Alexander came to me, desperate to broker a deal. Out of curiosity as much as anything else, I accepted a ten turn peace treaty. The terms of the deal meant that I now had control — if you would call it such — of Knossos and Corinth. I thought perhaps when you trade for a city the usual Annex/Create Puppet/Raze choices would be left out. After all, I’m not capturing the cities; they’re being given to me. My hopes were dashed when I saw the typical options come up, accompanied by a huge hit in my civilization’s happiness rating.

Happiness in Civ 5 is essential. If your civilization is unhappy, it loses productivity and cities stop growing. My civilization was now “VERY UNHAPPY.” And there was little I could do about it in the short term. You can build a courthouse in captured cities to eliminate the unhappiness caused by occupation, but first you have to wait for the resistance to end. The insane degree of unhappiness I faced meant that I would not be able to build a courthouse in a timely fashion after the resistance, either.

I quickly came to the conclusion that trying to keep both cities was not worth the trouble. I decided to raze Knossos to the ground, but have a go at keeping Corinth. This drastically reduced the unhappiness in my civilization, but nowhere near enough. I needed to build Theatres and Colosseums in every city to get things moving again. Production was severely hampered by the unhappiness, though, so it would take a while.

I did my best to get more luxury resources from other civs, which would give +5 happiness each. Then I crossed my fingers, hoping I hadn’t shot myself in the foot.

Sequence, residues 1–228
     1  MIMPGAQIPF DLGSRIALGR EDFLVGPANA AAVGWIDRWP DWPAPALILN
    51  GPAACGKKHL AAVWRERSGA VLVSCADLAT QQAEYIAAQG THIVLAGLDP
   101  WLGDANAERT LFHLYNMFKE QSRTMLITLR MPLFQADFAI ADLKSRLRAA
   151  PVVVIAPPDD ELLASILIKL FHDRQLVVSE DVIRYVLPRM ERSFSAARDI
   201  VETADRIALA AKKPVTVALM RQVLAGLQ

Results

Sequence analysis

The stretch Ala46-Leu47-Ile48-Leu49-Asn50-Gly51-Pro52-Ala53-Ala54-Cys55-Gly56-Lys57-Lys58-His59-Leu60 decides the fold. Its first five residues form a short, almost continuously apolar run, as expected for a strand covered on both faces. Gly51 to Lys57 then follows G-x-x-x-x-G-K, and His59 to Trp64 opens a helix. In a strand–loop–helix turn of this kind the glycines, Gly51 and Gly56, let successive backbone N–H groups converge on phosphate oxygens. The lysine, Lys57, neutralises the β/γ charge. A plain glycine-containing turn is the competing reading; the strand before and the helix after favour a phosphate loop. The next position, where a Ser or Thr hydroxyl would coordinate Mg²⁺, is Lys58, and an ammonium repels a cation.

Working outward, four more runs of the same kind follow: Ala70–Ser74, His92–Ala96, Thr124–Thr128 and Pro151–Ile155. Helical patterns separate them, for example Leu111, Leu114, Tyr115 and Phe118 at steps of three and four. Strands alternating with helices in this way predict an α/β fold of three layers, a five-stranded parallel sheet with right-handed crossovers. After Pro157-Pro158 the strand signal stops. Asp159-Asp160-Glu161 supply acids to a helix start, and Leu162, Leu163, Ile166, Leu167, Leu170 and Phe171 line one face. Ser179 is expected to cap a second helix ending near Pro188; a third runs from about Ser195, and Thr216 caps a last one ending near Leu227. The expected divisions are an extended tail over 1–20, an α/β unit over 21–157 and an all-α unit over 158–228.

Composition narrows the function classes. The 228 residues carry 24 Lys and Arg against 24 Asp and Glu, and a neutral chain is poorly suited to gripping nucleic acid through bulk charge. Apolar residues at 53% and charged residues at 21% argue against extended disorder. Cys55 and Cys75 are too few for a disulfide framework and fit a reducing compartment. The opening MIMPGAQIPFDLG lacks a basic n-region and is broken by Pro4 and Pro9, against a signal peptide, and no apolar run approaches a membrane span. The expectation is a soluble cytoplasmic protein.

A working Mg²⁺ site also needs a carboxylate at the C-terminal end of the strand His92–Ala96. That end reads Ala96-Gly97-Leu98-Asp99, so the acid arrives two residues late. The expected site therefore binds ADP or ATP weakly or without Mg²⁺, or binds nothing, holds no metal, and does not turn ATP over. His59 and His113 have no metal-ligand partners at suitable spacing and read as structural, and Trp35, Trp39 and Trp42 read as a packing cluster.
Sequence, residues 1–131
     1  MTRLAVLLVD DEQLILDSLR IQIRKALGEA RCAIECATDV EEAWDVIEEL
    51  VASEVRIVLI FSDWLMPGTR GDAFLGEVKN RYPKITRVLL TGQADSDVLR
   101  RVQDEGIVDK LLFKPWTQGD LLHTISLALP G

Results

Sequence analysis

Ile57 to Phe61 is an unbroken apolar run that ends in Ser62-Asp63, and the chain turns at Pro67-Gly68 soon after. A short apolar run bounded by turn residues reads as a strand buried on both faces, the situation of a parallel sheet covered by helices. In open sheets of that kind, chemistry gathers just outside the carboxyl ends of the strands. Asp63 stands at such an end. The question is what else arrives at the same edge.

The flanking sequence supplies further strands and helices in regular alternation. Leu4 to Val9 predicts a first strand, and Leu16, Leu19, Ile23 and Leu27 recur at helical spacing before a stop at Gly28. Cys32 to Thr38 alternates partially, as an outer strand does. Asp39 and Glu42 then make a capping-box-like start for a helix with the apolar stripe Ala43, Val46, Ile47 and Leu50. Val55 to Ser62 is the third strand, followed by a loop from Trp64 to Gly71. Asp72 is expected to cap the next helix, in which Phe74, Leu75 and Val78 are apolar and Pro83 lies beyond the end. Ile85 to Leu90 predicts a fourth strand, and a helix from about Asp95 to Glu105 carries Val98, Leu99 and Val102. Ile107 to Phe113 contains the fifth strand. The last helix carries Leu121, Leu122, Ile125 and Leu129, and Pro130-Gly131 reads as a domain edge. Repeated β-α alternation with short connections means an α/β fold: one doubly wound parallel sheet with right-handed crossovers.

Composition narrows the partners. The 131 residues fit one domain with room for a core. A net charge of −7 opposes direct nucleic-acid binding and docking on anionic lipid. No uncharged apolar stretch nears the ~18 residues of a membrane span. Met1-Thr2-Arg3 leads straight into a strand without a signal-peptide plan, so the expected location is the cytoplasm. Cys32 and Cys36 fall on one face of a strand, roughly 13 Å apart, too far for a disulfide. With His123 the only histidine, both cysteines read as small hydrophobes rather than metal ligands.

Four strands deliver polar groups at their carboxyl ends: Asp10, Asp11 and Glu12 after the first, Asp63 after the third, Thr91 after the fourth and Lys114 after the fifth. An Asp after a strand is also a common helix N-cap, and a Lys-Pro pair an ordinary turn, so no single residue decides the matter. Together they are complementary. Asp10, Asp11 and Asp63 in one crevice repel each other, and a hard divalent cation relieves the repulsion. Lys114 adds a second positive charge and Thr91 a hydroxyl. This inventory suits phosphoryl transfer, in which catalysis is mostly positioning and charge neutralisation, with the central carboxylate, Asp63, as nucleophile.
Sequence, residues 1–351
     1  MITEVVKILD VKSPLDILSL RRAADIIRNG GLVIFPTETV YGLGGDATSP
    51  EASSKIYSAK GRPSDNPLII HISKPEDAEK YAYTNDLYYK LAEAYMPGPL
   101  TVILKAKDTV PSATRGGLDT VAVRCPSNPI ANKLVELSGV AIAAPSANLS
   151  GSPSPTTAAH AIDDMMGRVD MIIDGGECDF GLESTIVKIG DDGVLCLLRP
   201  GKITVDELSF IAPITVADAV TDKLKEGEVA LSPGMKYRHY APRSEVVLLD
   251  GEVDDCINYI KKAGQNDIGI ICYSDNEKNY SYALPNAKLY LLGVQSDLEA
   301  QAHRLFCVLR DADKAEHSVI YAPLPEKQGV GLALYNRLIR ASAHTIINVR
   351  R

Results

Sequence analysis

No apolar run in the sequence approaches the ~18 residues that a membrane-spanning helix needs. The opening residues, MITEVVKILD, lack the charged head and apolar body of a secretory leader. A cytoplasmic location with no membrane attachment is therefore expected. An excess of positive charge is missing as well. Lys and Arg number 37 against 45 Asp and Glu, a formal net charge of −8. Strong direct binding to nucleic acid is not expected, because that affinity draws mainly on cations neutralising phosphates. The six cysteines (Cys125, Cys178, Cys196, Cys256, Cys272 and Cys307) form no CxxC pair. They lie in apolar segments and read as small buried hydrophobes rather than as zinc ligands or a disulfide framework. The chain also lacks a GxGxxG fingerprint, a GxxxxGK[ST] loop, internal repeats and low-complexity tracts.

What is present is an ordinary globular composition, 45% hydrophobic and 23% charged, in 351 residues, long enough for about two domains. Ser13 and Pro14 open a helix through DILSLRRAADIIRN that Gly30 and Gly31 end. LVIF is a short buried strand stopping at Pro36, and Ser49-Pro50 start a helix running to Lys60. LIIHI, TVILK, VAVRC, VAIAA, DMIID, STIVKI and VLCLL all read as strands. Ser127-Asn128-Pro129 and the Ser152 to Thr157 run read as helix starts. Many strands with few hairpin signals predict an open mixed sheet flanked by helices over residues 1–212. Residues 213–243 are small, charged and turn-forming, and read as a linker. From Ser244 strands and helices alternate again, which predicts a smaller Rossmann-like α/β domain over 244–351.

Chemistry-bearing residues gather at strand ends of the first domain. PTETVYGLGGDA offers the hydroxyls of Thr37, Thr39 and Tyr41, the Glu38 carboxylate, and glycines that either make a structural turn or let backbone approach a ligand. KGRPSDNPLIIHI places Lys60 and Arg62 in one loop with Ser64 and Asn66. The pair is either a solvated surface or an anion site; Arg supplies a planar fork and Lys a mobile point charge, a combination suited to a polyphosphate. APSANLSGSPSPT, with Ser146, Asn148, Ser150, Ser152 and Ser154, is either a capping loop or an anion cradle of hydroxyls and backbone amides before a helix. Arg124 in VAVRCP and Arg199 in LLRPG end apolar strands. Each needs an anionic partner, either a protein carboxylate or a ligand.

Civilization 5 screenshot - Athens surrounded

No-one can touch Athens unless I say so.

In the meantime, I formed a circle of units around the Greek capital. I wanted to make sure the Romans didn’t capture the city. Greece had just won itself a very powerful ally… for around ten turns (at which point I will turn into a powerful enemy).

My final action for the session was to get embroiled in a permanent war with a city-state. I wanted to forge some quick alliances, but I didn’t have any money. So I looked at what each city-state wanted. Two city-states wanted me to destroy Almaty. I checked to make sure no-one was protecting Almaty, since I didn’t want to trigger a war with another civilization, then, safe in the knowledge they were unaligned, I declared war on the city-state of Almaty.

Apparently I’m a bully and a warmonger. Almaty declared a state of permanent war on me because of my past transgressions — even though the only other city-state I have attacked is Genoa. The "Pious" Germans told me to stop bullying the city-states (or presumably they’d intervene). Why so touchy?

Civilization 5 screenshot - Bismarck the Pious

Um, I didn't actually do anything to Caesar except help him. Sanctimonious jerk.


Previous entries:

Later entries:


Starting conditions

I decided to go with Prince (“normal”) difficulty on a standard map size, with standard game length. My civilization was determined randomly, as were my opponents and the map itself.